An ideal wafer-scale memory array has the ability to distribute each bit of a stored data word to a different memory module. However, for a 32-bit data word, for example, this would appear to require that a 32-bit data bus be connected to each of the memory modules in the array. This routing of the data bus over a large area of the circuit would render the array more vulnerable to defects, whether resulting from manufacture or from radiation damage. Moreover, each data bus line would need to carry a capacitive load proportional to the total number of memory modules. For these reasons, any scheme for minimizing damage to the memory array should also minimize the extent to which the data bus has to be routed throughout the array. One approach to solving these problems was described and claimed in a Patent application Ser. No. 07/498,882 filed on Mar. 26, 1990 in the name of Cameron Wade now U.S. Pat. No. 5,103,424. Since each memory module is a basic "building block" of large memories of this type, it is important that the modules be structured in a manner that minimizes module complexity and the testing and configuration time. The present invention is directed to this end.

SUMMARY OF THE INVENTION

The present invention resides in an improved memory module or macrocell for use in a large reconfigurable memory, and to a method of using memory modules in such a large memory. Briefly, the invention may be defined as comprising a random access memory (RAM) having an enable terminal, RAM address terminals, a data input terminal and a data output terminal; a two-to-one multiplexer having first and second inputs, the first input being connected to the data output terminal of the RAM, and having an output connected to supply output data from the memory module; a page address register enabled only in a test mode to receive serial page address data over a data input line to the memory module and to simultaneously output serial data over an output line to the second input of the multiplexer; and a page address comparator used only in an operational mode to compare a page address stored in the page address register and a page address supplied over page address lines to the memory module, and to generate an enable signal to the RAM upon detection of a match.

In the test mode, page address data are shifted into the page address register from the data input line and simultaneously shifted out of the page address register, through the multiplexer and onto the data output line. In the operational mode, the RAM is enabled when the page address supplied on the address lines is the same as the page address stored in the page address register, and data may be written to the RAM from the data input line or read from the RAM onto the data output line.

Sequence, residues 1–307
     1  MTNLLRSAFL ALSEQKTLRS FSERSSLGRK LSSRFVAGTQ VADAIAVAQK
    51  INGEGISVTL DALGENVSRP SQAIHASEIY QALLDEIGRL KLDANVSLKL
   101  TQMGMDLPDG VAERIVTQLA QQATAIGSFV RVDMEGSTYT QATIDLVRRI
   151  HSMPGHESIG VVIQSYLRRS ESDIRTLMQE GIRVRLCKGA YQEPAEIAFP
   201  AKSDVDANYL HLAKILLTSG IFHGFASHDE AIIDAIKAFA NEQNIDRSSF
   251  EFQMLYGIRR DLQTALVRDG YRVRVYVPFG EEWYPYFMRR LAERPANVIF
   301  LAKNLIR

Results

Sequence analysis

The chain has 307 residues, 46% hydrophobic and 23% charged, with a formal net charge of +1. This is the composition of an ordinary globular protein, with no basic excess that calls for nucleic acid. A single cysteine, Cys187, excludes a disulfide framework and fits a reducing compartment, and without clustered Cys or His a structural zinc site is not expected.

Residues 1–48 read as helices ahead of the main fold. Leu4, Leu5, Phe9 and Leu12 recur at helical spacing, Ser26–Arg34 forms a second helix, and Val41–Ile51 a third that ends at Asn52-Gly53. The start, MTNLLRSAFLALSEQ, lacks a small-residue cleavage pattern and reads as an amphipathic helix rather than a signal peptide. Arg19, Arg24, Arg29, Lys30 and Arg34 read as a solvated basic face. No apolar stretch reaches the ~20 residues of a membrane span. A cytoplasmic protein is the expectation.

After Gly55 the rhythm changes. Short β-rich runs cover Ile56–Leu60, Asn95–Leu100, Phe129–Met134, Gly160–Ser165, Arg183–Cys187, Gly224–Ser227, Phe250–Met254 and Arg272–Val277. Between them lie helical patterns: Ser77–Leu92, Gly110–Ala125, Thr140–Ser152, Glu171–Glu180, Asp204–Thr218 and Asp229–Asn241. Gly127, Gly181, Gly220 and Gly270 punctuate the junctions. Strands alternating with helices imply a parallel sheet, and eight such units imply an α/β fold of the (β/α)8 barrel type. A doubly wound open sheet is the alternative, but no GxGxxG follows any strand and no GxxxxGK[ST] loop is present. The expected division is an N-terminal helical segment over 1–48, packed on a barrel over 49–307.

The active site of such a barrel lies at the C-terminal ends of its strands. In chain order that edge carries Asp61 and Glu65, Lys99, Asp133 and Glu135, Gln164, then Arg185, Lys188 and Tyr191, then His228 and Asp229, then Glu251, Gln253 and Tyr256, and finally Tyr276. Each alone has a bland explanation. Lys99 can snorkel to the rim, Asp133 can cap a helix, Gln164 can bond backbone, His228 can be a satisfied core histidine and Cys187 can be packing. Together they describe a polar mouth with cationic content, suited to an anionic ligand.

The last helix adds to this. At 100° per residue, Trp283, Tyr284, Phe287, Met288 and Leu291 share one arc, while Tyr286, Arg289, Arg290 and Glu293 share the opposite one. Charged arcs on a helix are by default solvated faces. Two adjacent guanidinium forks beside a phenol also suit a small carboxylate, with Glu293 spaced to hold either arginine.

The invention may also be defined in terms of a large reconfigurable memory comprising a plurality of memory modules grouped into columns of modules, with each column having the same number of modules; address bus means, for connecting to each module a logical address comprised of a page address and a random access memory (RAM) address; and data bus means, for connecting data to each bus, such that each module in a column has its own data input and output lines; and wherein each memory module includes the elements recited in the preceding paragraph, namely a RAM, a multiplexer, a page address register, and a page address comparator.

In terms of a method, the invention comprises the steps of applying a test mode signal to a column of memory modules when it is desired to load page address data into a page register in each module; transmitting serial page address data through a data input line associated with a first of the modules; shifting the page address data into a page register in the first module, and simultaneously shifting the previous contents of the page register out onto a data output line associated with the module; and simultaneously transmitting serial page address data through data input lines associated with the other memory modules in the column, and shifting the page address data into the page registers of the other modules, while the previous contents of those page registers are shifted out onto the data output lines associated with the other memory modules. In this manner, an entire column of memory modules can be tested and configured simultaneously.

It will be appreciated from the foregoing that the present invention represents a significant advance in the field of large reconfigurable memories. In particular, groups of memory modules can be tested and reconfigured in parallel, without addressing each module individually. The invention effects a large reduction in the time needed to test and configure a memory, as well as a reduction in the complexity of each memory module. Other aspects and advantages of the invention will become apparent from the following more detailed description, taken in conjunction with the accompanying drawings.

BRIEF DESCRIPTION OF THE DRAWING

FIG. 1 is a block diagram showing a memory structure comprising multiple memory modules or macrocells;

FIG. 2 is a block diagram of a memory module, shown connected in its operational mode;

FIG. 3 is a block diagram similar to FIG. 2, but with memory module shown connected in its test and configuration mode;

FIG. 4 is a simplified schematic view of one column of memory modules connected by a column configuration interface to a global data bus; and